Brenton has matured in his business without many of the dramas that plague other entrepreneurs. [02:09]
James’s guest knew early what kind of life would make him happy, and what wouldn’t. [04:43]
Sports, especially one in particular, kept Brenton level-headed. [05:49]
Is it a one-thing-at-a-time journey, or is there a five-year plan? [10:17]
With such a simple business, these are the sort of things that keep it running. [15:01]
Brenton and James talked a decade ago about OwnTheRacecourse. How much of that still influences what Brenton does? [18:03]
When you don’t need a huge team… [21:40]
Work-life balance is not an illusion. [26:20]
What does the future hold for this swim coach turned entrepreneur? [27:44]
Brenton has stuck with James’s SilverCircle program all this time, and is back to discuss the results of over a decade’s worth of coaching.
A drama-free maturation
For James, it’s been a pleasure seeing, as he says, this young kid grow up into a family man, and his business grow with him. At no point has he ever seen Brenton burnt out, overloaded, or stressed. He’s basically avoided a lot of the drama people have in their journey.
Effortless Swimming has gone from a small information-based affair to an in-person service to a comprehensive sort of membership. And over time, Brenton has gained leverage in time and other resource.
Brenton is now a dad, lives by the beach, and surfs a lot, which James thinks is awesome. It’s a great example of what’s possible. He’d like Brenton to talk us through the early stages of his business to the present.
As mentioned, says Brenton, he began with an information product business, where he originally wanted to stay behind the scenes. He quickly learned, however, that being the face of the business gained a lot more trust. He quite enjoyed it, too, once he got started with YouTube videos and a podcast, at James’s suggestion.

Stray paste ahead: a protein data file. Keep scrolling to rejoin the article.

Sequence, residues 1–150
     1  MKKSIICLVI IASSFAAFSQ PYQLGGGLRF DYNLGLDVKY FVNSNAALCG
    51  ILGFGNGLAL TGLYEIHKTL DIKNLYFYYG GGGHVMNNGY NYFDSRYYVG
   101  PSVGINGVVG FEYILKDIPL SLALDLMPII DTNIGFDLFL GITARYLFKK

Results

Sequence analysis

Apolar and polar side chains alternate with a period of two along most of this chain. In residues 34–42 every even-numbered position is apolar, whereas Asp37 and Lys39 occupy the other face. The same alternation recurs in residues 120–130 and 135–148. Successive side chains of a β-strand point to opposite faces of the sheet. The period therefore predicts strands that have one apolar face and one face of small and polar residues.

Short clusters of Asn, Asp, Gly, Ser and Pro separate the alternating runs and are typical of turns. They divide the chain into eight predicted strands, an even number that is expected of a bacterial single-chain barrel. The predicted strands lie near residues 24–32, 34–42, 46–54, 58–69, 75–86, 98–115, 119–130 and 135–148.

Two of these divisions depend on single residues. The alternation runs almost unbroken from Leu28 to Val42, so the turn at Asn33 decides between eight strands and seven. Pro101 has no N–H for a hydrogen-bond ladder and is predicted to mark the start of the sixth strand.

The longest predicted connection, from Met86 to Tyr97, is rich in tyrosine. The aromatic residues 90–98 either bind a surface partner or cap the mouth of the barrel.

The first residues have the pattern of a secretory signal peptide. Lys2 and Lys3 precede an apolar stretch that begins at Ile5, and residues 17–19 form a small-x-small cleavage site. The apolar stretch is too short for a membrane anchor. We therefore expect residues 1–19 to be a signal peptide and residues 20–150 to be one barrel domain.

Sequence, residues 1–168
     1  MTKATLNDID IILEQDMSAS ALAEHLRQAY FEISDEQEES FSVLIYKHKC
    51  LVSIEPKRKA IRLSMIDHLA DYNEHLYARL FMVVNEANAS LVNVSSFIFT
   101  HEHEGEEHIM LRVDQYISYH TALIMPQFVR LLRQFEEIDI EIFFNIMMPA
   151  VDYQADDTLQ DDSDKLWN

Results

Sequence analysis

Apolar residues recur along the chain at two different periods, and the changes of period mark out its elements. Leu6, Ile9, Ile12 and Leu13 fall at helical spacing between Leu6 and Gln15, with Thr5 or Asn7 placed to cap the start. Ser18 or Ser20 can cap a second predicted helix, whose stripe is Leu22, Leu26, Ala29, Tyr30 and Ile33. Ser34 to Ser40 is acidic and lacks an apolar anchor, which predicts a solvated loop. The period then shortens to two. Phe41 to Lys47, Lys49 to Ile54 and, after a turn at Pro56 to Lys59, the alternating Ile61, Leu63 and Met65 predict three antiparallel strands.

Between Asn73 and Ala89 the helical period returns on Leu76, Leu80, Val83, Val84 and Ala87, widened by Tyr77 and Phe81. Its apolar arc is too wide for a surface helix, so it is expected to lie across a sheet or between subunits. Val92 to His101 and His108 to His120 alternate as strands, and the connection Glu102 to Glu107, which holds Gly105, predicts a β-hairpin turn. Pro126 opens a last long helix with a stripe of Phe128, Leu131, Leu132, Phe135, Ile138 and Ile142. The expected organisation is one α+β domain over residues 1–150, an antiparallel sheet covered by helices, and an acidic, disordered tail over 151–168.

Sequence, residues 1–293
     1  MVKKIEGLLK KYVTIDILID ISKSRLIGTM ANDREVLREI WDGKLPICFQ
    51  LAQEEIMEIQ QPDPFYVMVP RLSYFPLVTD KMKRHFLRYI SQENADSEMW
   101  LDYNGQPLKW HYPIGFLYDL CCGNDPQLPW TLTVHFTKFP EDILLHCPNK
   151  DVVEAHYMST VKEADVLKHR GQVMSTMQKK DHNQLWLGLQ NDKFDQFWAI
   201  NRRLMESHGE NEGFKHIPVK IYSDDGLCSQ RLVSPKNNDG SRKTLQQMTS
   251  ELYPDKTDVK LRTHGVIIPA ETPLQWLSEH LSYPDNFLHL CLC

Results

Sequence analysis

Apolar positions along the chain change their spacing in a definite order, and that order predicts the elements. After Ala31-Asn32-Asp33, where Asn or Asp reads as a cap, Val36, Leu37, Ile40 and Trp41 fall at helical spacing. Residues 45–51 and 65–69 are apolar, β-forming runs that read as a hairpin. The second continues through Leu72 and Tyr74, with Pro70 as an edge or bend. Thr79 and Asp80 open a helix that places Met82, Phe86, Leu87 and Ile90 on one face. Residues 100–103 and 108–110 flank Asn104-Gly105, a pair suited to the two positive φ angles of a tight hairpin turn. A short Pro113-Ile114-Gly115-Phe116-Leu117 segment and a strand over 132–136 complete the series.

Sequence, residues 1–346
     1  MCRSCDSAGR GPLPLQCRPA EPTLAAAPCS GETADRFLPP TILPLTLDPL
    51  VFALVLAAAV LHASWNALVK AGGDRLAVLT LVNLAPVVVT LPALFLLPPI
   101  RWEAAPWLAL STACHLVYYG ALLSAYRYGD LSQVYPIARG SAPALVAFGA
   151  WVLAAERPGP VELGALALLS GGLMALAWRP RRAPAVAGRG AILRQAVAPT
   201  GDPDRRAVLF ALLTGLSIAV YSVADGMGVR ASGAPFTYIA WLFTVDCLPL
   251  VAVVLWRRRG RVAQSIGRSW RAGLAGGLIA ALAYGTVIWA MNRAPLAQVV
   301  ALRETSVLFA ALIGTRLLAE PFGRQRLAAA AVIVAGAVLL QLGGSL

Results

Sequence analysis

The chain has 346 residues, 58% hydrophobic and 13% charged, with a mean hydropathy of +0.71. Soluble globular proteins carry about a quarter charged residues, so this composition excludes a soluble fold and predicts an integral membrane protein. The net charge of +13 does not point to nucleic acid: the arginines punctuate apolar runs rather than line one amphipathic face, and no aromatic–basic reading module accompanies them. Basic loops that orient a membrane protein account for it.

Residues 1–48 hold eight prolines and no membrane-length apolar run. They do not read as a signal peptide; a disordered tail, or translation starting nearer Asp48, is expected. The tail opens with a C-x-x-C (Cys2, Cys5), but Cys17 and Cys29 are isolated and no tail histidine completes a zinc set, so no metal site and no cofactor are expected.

Along the way, he says, he’d pick up things each month from James’s coaching. And while he might not implement them straightaway, he would when he was ready, with great results. And over time he matured as a business owner.
The business and life Brenton did and didn’t want
Starting out with James, says Brenton, he was clueless. He didn’t even know how to register a business. Today, he runs a very steady, strong company.
He recently came across some notes he’d made a decade before, on what he wanted his future life to look like. It included living by the beach, earning a certain level of income, and being able to surf when it was good. Nearly all the points were ticked off. A huge part of that, he says, was working with James, with whom he’s quite similar in terms of lifestyle. That’s why the coaching resonated. The Gary Vaynerchuk philosophy of grind did not appeal to him at all.
Brenton did an entrepreneurship course in uni, he says. Small business owners would come in, and he knew from looking at them that the 12-hour day, six or seven days a week, was not for him. They looked tired and unhappy.
A sport that made a difference
Brenton is different from a lot of the young guys, says James, who at that age are typically on a search for significance, to look good in the eyes of society.
“You don’t need to be super fast, so much as build for the long term. – James Schramko”
Is it his sports background? Brenton is seemingly more disciplined than most people, and like James is focused on a slower build out than on speed. James has always talked about building for the long term. But why isn’t Brenton out there chasing bright, shiny objects like his peers?
Brenton honestly thinks it came down to surfing. He got hooked on it at 18, loved that feeling of being in the ocean, being outside, away from technology. It moved to the forefront of his mind, getting him up at four in the morning to chase dawn sessions at Melbourne.
He always wanted a successful business, but if the money meant he couldn’t surf when the waves were good, he didn’t want it.
He’s glad now that he thought that, because he can surf when he wants to, and just as importantly be with his family. He sees his two young kids all the time during the week – very important, he thinks, at their time of life.